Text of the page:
These configurations describe our new macrostates, each with an associated set of microstates, the number of which are shown at the bottom of each picture. Note, as we progress in solving a Rubik’s cube (effectively increasing how ‘ordered’ it is) the number of microstates contained in each macrostate decreases.

Now we’re ready to define entropy (denoted S).

The k-sub-B is simply a constant of nature, hence for the purposes of this discussion, we'll focus on how entropy varies with the argument of the logarithm (the number of unqiue microstates in a given macrostate).

So, how is entropy useful? Well, in a lot of ways. For one, notice entropy depends only on the number of microstates, particularly, the formula for entropy does not explicitly relate to a given macrostate. However, with reasonable inference, we can derive characteristics of our macrostates using entropy. For example, if I told you S=0 then you would instantly know that the Rubik’s cube is solved—as there is only one distinct microstate associated with the solved macrostate.

You may be thinking to yourself now, as I did when I first learned about this, that entropy doesn’t tell us anything new—but rather overcomplicates something naturally quite intuitive. In practice, however, entropy is providing us with a quantifiable and relatable measure to the macroscopic properties of a system. Meaning, if we know the entropy of a system, through a series of calculations, we can derive important macroscopic properties (temperature, pressure, etc.).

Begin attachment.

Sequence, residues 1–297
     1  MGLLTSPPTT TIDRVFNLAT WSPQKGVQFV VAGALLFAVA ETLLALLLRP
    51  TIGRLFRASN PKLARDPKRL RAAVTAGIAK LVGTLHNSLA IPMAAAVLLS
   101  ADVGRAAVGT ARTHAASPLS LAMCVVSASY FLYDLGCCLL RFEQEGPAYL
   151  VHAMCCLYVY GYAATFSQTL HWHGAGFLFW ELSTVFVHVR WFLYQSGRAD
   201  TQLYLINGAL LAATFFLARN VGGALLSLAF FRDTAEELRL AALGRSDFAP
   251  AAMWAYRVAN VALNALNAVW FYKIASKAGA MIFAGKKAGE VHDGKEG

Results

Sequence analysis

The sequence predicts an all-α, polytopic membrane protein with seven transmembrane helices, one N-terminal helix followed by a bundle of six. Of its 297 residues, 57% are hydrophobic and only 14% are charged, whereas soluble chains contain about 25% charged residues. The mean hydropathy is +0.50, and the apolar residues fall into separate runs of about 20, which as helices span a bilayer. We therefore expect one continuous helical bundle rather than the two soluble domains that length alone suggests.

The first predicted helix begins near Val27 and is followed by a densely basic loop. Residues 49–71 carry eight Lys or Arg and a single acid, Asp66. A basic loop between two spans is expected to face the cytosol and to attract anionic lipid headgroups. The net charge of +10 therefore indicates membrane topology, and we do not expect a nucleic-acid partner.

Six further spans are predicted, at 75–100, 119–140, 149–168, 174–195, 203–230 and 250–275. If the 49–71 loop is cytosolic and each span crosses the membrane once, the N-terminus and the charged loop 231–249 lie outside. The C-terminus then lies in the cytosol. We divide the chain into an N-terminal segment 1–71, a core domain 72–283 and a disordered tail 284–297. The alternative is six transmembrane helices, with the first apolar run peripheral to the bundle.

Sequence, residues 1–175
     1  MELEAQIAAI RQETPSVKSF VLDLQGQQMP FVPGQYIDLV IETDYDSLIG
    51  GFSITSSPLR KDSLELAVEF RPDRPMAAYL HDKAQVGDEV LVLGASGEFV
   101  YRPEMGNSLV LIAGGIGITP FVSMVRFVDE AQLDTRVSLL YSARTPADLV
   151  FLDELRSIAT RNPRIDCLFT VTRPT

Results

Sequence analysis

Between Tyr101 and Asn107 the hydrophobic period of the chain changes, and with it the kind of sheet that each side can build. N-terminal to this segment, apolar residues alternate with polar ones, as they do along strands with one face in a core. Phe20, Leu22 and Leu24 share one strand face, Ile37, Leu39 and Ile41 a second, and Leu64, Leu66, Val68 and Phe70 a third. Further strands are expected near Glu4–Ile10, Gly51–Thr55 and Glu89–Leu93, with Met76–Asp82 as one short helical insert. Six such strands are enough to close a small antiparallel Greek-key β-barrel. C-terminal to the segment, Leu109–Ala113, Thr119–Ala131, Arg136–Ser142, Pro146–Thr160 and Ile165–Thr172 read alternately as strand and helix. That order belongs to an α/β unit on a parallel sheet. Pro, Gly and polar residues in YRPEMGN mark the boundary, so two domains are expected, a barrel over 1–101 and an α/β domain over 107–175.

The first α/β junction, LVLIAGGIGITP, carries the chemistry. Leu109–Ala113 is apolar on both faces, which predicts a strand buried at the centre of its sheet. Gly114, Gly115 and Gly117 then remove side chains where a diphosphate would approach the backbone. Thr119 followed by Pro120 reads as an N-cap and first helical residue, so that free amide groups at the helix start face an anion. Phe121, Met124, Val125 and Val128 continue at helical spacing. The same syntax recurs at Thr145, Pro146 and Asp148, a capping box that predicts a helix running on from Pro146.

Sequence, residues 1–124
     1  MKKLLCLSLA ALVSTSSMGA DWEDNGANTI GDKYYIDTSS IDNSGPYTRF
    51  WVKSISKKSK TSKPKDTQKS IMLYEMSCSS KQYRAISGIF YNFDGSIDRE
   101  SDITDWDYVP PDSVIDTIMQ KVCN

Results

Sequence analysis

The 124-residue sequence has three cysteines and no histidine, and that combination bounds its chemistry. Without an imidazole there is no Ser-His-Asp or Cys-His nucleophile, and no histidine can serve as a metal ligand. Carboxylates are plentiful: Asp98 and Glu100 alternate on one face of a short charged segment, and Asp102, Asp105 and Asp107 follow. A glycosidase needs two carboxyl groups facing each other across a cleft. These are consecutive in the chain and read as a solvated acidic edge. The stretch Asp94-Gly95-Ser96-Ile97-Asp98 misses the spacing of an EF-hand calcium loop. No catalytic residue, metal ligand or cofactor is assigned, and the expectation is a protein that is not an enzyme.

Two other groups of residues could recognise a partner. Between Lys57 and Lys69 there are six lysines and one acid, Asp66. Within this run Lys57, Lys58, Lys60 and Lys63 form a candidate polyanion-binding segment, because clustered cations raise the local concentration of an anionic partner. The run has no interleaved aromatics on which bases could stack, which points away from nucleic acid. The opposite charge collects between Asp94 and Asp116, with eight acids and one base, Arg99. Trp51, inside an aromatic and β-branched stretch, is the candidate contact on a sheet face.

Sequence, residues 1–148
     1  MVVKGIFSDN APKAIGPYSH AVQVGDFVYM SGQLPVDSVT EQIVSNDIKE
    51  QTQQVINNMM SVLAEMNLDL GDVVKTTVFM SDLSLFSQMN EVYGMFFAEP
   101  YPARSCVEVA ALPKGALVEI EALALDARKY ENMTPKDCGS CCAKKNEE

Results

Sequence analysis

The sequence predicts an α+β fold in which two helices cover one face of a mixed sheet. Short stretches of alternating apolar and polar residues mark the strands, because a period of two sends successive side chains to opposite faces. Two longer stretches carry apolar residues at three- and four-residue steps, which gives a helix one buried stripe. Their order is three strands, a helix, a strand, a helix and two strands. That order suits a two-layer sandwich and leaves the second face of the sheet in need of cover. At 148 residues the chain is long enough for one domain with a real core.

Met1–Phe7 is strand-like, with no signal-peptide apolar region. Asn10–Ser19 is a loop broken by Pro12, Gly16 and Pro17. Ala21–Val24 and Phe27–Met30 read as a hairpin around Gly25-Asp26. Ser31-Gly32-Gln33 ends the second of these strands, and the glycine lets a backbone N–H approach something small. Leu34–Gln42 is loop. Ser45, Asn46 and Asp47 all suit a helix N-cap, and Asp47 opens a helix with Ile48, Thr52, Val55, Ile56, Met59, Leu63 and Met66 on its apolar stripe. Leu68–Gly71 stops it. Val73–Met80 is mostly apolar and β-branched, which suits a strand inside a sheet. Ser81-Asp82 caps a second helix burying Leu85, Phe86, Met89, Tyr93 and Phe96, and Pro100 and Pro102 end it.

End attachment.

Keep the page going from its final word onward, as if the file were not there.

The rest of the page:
As an additional application, consider the illustrious concept of the ‘arrow of time’. If I showed you a video of a ball rolling up a hill, and asked you whether I’m playing the video in reverse or as it happened, how would you answer? Of course, we would all recognize that the video is being played in reverse—that’s just how gravity works. As is for many macroscopic phenomena, we generally have excellent intuition for determining the natural progression of time. But for microscopic phenomena this intuition often fails. The second law of thermodynamics tells us that the total entropy of the universe must always increase. Like a ball rolling up a hill, if we have a stream of measurements from a totally isolated system, whatever it may be, and observe its entropy decreasing we can confidently deduce that we are receiving these measurements in the reverse order in which they were taken. Much like the fact that we can rely on gravity to always pull things closer to the earth, we can always rely on entropy to increase in the universe.

Relating this back to the Rubik’s cube, if I were randomly twisting a Rubik’s cube, would you expect it to ever be solved? As is our experience, this would essentially never happen—randomly twisting a Rubik’s cube will almost always drive you farther from the solved state. This concept relates to the ubiquity of entropy always increasing, as the level of ‘solved-ness’ is related to the cube’s entropy. More precisely, the cube’s entropy is proportional to the number of microstates associated with a macrostate, which decreases as the cube goes from unsolved to solved. Generally, to increase how ordered something is, effectively decreasing its entropy, one must input some energy. When solving a Rubik’s cube its entropy is being decreased, but in doing so I make a deliberate effort to rotate the cube in just the right way, which may be thought as a characteristic input of energy on my part.